I spent a great weekend at the inaugural LA Tango Marathon. I traveled with two of my friends, and we proved to be good roommates and travel partners. Many in-jokes were created, and lots of laughter accompanied the trip. The dancing was great - I danced with many new people, for hours and hours. Music was generally excellent, I don't remember ever feeling let down by it. I also danced with people I have seen at other events, and it was fun to reconnect.
The marathon itself had one main issue: the floor of the venue was tough. It was very hard, and slightly sticky linoleum. It was also old: sunk in some places; rippled in others; generally not very nice. From about 1-inch upward, the room had been remodeled, and it was gorgeous: stained-glass-like painted panels in the ceiling, chandeliers, and high ceilings. My feet mostly lasted through the dancing, and I'm very glad I went.
While in LA, I took a private lesson. I have not done a lot of private tuition in the past; most of my learning comes from group classes, and time spent dancing. I also must admit to not a whole lot of practice time. Therefore - the lesson was hugely useful, in a technique sense. I mostly dance close, and my pivots lack a certain amount of technique or balance. They are just not something I perform very often as a lead. We also discussed some posture (always welcome) and leading changes, which I enjoyed (I might expand another time, but basically: incorporating thoughts of my belly as a leading tool). Apparently these changes were successful, as a regular partner immediately commented on them when I returned to Seattle.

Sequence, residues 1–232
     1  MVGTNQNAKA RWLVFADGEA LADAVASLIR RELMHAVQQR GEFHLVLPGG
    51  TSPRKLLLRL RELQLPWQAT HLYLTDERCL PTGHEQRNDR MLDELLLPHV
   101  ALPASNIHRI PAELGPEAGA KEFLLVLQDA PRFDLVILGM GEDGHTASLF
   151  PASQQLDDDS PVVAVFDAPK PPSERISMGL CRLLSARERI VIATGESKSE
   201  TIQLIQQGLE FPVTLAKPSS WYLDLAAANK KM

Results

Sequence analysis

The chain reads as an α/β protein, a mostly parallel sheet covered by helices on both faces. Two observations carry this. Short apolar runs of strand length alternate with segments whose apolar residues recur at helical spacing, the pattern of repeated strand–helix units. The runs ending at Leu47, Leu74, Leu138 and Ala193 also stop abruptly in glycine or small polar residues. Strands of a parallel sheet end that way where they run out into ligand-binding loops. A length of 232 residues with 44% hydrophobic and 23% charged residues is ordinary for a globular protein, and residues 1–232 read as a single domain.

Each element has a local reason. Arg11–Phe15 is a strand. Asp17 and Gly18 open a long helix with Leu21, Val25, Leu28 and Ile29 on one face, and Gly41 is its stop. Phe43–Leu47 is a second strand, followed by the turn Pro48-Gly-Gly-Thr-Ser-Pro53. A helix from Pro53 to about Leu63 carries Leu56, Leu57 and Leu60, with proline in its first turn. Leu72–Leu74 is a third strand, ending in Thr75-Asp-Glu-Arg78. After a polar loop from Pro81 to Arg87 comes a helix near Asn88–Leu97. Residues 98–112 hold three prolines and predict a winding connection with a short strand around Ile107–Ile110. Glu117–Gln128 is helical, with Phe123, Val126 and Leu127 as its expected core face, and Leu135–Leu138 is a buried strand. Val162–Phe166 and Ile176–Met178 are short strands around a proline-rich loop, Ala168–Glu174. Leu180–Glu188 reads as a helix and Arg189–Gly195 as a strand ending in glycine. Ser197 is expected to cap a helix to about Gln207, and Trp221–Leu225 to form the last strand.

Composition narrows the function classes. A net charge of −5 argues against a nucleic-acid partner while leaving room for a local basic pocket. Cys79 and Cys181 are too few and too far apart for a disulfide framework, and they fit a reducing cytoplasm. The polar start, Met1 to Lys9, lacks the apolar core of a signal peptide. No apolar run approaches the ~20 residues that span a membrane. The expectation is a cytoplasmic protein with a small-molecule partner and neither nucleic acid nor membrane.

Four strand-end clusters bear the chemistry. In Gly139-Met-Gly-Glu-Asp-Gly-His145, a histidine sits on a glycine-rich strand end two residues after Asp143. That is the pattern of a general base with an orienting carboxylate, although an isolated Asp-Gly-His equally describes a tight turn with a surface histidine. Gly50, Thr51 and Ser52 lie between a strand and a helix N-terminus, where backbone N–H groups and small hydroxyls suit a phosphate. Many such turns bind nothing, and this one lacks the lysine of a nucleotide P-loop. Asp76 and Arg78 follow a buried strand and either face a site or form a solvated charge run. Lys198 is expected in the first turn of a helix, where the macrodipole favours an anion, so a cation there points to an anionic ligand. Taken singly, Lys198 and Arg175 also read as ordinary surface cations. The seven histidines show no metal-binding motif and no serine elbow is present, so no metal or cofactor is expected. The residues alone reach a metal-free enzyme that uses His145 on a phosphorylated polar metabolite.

However, the immediate effect was to make me feel hugely unsuccessful as a dancer: how could I think I have any ability at this, when there are so many basic, fundamental movements I still don't do well? It took me a couple of hours at the dance (and some very enjoyable dances) to shake it off. I think I feel this way in a lot of areas: when faced with an expert, I am reminded that I am not one.
A friend did tell me this, and it made me feel a lot better: "Your dance can always improve, but don't forget there are already a lot of people that love dancing with you." If you are feeling similarly down about your abilities, remember that this is likely true for you as well.